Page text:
23 December 2015
Two exciting new sculptures have been installed on Sheffield’s Spital Hill to link several related strands of the area’s history.
The sculptures are made from stainless steel inlaid with bronze and mosaic. They are part of an overall regeneration scheme to improve the Spital Hill area. This has included shop-front improvements, new paving and a reshaping of Ellesmere Green to provide a community pocket park.
The first sculpture in Vestry Square is at the historic heart of Spital Hill and creates a focal point for the square. Another piece of artwork is located at Caborn’s Corner – just a few metres from the birthplace of Harry Brearley, the inventor of stainless steel. It marks the point on Carlisle Street from where George Caborn led many marches and rallies in the cause of trades union rights and anti-racism during the 1970s.
The form of the sculptures is reminiscent of the ‘pour’ of molten steel from a furnace and the details reflect the industry of Sheffield’s East End and the life of George Caborn (1916-85) the father of Richard Caborn the former Sheffield Central MP and Cabinet Minister.
George was a life-long political activist, trades unionist, shop steward and later District Secretary of the Amalgamated Engineering Union who worked at the Firth Brown Steelworks just down the hill on Brightside Lane. This was also the company where Harry Brearley (1871-1948) first invented stainless steel, a world-beating material which became synonymous with Sheffield.
Artist Michael Johnson said: “It has been a privilege to work in a community that is so accepting of ideas and willing to give their time and hospitality.
“I have worked closely with local people to develop the ideas behind the sculptures. Each is made from a series of threads, perhaps symbolising the different individuals or diverse communities that make up Spital Hill joined together in a knot.
“Through their materials and details they reflect both the industrial history and current communities of the area.”
Local ward councillor Jackie Drayton added: Local ward councillor Jackie Drayton added: “For me these beautiful sculptures represent the strong thread that runs through our wonderful community, from its steel heritage, the genius of Harry Brierley and his inventions, the steel workers and tireless campaigning of George Caborn and others for social justice, to our diverse community with its threads to all around the world.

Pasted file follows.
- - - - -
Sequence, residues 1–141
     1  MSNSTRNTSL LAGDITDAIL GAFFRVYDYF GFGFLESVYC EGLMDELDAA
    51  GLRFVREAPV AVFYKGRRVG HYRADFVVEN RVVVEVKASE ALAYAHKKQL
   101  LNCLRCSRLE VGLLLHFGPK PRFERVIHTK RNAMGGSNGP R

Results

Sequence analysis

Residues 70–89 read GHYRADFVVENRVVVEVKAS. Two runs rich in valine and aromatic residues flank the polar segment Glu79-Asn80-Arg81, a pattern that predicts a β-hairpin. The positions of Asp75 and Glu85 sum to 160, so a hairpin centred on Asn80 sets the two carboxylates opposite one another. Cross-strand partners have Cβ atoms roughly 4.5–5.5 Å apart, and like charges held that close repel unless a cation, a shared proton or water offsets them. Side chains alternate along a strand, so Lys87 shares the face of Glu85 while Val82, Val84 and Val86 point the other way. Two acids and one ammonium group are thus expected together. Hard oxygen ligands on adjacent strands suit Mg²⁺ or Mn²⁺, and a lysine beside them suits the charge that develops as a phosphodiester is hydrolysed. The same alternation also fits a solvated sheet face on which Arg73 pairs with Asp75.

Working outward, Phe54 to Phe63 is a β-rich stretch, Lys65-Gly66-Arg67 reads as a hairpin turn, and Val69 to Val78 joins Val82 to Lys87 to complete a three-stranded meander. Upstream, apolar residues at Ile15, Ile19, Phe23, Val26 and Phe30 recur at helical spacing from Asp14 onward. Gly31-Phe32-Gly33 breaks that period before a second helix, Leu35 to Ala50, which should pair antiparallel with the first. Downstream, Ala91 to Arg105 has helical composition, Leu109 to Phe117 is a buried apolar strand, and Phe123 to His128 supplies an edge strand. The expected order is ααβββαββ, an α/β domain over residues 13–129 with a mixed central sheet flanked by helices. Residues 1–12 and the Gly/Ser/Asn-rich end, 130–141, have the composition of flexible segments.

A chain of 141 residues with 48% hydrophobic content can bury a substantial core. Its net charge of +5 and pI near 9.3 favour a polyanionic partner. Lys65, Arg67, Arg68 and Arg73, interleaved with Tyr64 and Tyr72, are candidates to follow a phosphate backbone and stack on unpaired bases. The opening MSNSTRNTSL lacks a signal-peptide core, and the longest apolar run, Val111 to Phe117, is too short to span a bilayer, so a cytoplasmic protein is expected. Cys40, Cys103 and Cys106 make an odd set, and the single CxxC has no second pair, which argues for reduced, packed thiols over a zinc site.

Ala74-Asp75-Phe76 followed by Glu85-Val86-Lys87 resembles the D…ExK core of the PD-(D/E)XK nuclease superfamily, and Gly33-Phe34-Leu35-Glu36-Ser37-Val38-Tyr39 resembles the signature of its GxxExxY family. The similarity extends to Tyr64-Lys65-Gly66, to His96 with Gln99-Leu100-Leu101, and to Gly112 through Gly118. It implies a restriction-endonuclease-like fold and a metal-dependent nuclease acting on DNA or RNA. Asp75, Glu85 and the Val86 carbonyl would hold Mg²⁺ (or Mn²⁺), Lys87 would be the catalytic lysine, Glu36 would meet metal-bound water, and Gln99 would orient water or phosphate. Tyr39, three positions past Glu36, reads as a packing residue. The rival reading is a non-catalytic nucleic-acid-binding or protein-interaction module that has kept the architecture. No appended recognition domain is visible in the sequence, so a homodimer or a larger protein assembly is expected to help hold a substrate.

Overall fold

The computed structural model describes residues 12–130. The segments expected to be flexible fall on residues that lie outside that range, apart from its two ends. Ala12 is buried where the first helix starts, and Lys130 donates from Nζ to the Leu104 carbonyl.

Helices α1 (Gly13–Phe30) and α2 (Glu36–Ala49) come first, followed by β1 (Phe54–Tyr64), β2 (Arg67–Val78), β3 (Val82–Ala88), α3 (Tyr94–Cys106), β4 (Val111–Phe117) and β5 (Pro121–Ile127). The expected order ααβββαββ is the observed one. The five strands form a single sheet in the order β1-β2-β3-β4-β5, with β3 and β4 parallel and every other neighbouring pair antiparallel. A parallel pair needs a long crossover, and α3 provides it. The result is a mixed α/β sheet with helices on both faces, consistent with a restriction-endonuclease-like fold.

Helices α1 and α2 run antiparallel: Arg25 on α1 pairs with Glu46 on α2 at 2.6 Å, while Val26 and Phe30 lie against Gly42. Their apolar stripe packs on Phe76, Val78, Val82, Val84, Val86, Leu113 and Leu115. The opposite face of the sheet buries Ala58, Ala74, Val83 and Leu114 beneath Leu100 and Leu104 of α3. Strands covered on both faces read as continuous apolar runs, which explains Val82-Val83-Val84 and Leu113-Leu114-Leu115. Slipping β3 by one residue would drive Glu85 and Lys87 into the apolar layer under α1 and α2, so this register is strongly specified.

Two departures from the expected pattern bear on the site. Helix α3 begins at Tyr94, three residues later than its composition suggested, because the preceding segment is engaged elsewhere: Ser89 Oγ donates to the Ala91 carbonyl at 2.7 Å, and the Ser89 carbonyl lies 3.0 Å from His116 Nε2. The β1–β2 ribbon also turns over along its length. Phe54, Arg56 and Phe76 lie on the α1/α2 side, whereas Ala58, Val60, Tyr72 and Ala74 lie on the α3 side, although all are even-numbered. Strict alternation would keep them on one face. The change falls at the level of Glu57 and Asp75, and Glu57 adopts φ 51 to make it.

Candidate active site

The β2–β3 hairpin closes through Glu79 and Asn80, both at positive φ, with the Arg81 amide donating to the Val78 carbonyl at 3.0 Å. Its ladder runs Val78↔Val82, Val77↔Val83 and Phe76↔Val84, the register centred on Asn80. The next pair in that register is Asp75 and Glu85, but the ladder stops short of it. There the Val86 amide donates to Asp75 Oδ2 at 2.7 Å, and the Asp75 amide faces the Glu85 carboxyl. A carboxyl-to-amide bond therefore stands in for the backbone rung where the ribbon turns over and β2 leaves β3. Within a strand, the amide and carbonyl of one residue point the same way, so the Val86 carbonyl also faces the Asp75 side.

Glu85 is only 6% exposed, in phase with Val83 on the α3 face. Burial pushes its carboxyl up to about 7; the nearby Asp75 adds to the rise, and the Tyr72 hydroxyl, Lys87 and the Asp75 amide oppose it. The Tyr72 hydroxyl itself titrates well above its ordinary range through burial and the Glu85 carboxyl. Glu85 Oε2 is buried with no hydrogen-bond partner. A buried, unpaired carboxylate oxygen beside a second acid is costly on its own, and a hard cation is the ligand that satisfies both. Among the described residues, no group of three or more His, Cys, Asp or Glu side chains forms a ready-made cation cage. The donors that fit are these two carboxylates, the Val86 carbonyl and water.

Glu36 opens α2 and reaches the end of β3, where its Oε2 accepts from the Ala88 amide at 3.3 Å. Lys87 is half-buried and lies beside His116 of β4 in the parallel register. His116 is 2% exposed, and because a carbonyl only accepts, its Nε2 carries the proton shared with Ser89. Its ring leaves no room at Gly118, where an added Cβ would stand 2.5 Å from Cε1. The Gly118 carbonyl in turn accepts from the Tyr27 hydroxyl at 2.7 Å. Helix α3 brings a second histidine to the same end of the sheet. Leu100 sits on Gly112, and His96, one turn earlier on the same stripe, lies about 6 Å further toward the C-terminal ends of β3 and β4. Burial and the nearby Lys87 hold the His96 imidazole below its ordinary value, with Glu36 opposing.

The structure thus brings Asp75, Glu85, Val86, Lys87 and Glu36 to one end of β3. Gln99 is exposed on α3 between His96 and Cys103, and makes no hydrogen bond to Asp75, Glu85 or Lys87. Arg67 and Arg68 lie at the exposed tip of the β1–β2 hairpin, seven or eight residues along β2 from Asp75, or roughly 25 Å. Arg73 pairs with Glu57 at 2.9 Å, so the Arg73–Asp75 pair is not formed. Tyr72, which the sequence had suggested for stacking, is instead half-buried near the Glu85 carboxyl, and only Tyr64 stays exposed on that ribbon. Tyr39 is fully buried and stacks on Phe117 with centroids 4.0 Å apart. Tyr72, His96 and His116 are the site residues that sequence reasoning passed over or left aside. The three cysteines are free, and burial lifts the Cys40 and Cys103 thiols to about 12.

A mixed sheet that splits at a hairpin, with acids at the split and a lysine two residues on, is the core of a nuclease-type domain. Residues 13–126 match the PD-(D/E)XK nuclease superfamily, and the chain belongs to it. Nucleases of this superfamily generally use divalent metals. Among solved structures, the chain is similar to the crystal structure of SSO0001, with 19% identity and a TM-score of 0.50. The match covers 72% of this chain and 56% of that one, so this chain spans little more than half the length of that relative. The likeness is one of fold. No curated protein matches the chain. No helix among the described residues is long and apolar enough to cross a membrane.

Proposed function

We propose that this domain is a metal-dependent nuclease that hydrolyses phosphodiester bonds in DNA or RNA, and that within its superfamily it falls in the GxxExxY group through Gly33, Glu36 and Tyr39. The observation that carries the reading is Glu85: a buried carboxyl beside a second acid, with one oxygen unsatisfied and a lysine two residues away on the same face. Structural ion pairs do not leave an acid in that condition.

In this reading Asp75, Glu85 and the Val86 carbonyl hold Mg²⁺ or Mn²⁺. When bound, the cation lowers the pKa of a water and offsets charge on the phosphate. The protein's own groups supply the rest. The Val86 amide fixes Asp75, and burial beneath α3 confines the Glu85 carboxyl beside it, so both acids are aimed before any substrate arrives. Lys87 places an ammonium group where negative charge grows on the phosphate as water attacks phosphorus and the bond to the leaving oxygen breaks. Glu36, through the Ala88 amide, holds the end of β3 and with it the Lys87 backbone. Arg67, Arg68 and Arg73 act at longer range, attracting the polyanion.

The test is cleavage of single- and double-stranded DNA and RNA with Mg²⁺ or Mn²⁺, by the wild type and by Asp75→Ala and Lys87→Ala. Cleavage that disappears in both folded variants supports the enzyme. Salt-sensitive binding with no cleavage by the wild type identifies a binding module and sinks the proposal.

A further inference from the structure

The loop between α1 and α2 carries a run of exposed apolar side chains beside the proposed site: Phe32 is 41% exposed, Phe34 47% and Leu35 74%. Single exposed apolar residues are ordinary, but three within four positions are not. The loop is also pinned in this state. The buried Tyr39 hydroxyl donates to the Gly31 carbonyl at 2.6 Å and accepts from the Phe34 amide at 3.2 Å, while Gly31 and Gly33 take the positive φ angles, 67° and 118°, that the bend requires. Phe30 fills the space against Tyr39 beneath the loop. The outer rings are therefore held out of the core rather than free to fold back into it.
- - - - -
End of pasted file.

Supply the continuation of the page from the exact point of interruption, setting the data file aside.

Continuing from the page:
“The knots are there to remind us never to forget the past with the threads leading us on to our ambition for the future – building a vibrant and welcoming community, and Spital Hill continues to be an exciting place to live, work, visit, shop and eat in.”
Sheffield’s Lord Mayor, Councillor Talib Hussain also attended the launch of the sculptures and commented: “These sculptures create distinctive features on Spital Hill to local people and visitors. They were designed in co-operation with the local community and certainly enhance this busy gateway into the city.”
Major works to upgrade the paving and street furniture along the Spital Hill District Centre and the very successful refurbishment of Ellesmere Green were finished last year. The recent Shop Front improvement Scheme has also improved the appearance of the area and supported the many small independent traders from a wide range of cultures.
Local ward councillor Ibrar Hussain was enthusiastic about the regeneration of the Spital Hill area. He said: “There has been considerable investment in the Spital Hill area over the last two years improving the quality of the area and helping to make it into a thriving district centre that is not only better for the local community, but is attracting shoppers from a wider area.”
The sculptures have been funded through planning agreements with Tesco, following the development of their store on Savile Street, and Arches Housing.